"Oh," she says, fanning out her fingers on the table, "this was for a character." Since retiring from modeling seven years ago, Romijn has paid her share of the Stamos family bills by immersing herself in acting roles. In the two X Men movies, she became the ultimate comic book geek's fantasy bride for her all-butnekkid portrayal of Mystique, a shape-shifting blue mutant. This spring (2004, RRF) she'll be seen as a superhero's recovering alcoholic neighbor in the gory Marvel Comics-inspired The Punisher. And in Godsend, she stars alongside Robert De Niro and Greg Kinnear as a grieving mom who has a monumental lapse in judgment when she decides to clone her dead son, resulting in one of those heartwarming homicidal-boy-and-his-hatchet movies.
She will not, however, be seen in any motion picture as Tookie, the pregnant fly girl with the fancy nails. Some celebrities gather an entourage and escape to remote, exclusive places like Mustique. Others barricade themselves in the VIP rooms of clubs. Romijn cherishes her annual trips to Disneyland, weekend jaunts for swimming and Scrabble at Las Ventanas near Cabo San Lucas, and lost aftemoons of deep tissue massage at Santa Barbarda's Bacara spa. But for a real vacation from the mundane, she simply pretends to be someone else.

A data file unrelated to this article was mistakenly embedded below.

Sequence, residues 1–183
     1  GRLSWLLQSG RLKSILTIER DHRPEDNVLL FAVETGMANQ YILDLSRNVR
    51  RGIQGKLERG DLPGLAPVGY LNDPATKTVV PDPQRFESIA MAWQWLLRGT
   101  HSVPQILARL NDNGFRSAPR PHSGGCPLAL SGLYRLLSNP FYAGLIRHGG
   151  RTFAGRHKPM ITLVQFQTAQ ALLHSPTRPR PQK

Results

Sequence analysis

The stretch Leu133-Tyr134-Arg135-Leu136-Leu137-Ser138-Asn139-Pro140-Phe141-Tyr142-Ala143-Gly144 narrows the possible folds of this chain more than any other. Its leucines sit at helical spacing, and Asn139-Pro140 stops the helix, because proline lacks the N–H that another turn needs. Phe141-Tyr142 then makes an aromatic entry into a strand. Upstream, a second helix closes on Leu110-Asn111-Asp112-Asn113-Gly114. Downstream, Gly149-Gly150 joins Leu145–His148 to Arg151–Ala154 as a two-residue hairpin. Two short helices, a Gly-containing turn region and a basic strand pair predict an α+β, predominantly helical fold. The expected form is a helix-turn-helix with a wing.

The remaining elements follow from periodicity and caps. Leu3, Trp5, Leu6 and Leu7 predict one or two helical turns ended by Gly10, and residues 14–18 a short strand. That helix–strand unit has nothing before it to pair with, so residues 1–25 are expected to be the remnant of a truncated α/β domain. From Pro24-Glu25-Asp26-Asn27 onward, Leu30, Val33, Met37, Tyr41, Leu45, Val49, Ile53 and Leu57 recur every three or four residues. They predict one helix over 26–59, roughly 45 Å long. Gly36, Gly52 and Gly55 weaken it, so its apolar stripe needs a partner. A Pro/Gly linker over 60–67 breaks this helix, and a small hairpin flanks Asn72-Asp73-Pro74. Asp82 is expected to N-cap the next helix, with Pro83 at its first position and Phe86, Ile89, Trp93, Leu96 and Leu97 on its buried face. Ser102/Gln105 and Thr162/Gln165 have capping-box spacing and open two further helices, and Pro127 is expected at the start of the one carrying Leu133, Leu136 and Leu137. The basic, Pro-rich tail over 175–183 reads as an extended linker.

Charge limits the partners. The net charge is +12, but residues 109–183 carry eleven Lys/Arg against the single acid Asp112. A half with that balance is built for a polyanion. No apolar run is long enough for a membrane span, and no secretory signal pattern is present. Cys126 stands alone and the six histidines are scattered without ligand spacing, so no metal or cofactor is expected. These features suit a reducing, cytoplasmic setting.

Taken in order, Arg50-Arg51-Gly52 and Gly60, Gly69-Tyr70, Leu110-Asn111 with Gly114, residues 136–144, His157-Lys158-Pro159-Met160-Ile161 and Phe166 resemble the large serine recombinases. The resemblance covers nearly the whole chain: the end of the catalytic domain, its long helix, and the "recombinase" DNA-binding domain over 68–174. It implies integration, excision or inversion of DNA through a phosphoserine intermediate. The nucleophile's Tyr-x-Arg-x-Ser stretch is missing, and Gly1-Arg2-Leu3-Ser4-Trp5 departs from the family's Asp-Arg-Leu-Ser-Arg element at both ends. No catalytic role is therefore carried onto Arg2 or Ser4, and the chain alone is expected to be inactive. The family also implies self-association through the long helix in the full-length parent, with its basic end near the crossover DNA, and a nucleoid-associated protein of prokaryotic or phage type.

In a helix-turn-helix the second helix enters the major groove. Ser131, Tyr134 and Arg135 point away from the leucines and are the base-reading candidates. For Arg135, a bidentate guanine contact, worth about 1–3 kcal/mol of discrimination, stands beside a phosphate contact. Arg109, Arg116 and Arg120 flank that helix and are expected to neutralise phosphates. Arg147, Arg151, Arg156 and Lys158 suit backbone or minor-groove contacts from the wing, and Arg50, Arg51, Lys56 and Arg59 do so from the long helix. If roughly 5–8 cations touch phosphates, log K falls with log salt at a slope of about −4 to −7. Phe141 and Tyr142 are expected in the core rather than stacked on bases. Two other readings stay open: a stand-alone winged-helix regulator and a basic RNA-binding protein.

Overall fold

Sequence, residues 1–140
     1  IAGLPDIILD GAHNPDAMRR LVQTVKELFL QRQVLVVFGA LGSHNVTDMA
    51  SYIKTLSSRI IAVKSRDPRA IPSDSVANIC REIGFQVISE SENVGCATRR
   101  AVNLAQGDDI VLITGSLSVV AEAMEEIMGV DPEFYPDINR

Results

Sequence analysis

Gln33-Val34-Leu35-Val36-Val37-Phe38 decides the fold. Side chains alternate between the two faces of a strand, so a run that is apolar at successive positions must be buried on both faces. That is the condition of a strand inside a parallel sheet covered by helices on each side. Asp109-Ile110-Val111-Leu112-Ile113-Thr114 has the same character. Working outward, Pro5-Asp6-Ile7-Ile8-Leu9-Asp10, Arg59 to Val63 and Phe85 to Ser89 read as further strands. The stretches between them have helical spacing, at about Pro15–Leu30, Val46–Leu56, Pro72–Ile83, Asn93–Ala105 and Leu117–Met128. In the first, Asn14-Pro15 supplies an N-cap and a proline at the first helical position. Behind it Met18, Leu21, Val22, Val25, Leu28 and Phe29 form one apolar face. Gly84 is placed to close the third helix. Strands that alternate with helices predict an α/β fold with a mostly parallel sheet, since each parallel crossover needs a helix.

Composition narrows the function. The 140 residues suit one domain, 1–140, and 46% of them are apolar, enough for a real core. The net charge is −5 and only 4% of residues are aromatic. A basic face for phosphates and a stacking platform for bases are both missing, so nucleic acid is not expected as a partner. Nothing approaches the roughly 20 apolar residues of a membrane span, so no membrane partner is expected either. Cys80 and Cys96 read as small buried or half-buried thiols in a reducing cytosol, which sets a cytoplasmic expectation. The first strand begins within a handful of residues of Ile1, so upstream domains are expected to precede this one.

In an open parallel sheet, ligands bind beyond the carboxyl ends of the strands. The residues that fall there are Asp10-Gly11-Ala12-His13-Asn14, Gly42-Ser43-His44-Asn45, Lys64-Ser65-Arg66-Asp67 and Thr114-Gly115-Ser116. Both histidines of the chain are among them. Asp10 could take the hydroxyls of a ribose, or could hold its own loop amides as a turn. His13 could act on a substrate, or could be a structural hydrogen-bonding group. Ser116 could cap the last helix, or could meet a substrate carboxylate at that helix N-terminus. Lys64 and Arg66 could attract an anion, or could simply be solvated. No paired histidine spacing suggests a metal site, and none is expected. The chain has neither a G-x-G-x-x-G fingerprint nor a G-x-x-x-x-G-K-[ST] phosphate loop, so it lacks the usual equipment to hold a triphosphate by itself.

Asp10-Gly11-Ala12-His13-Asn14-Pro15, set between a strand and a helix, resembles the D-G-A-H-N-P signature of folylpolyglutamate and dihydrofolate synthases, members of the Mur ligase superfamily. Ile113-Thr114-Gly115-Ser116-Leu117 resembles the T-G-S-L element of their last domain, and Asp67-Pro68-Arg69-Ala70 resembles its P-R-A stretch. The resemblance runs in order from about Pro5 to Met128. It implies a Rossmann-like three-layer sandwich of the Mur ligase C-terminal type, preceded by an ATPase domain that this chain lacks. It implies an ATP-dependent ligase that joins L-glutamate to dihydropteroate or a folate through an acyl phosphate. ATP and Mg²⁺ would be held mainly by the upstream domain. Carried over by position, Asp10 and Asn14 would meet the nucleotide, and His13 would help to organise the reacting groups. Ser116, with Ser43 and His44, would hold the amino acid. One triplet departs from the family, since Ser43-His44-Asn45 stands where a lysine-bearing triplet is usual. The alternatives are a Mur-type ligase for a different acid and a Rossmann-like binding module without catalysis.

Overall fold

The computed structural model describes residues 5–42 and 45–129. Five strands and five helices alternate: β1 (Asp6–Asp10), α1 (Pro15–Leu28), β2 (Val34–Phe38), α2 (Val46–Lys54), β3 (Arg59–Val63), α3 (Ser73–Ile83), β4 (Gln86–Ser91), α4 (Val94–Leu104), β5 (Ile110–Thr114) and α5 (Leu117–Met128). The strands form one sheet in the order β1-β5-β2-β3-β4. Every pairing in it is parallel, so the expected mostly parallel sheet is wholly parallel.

The day before we meet, Romijn and a friend, music video director Steve Willis, had been kicking back at Willis' farmhouse a few hours north of Manhattan (her husband was stuck in L.A. working on his ncw ABC sitcom). They hatched a plan for a photo session at the portrait studio in the nearby Wal-Mart: Romijn, with a pillow shoved under her sweatshirt, strode through the automatic doors in the persona of Tookie, a tough "hoochie mama" wearing scrious gold bling, penciled-on eyebrows, and the skankiest fake nails sold at Rite Aid. Willis played the part of Rusty, her gay, obviously inept Planned Parenthood counselor. A previous field trip had a butch Romijn in silver aviator glasses and a mullet; she whips out the wallet-size photos to prove it. "Its just fun coming up with characters and figuring out their whole back story," she says. "We'll do the portraits but we'll also videotape each other doing things in character, like Steve had me sledding down his hill as Tookie."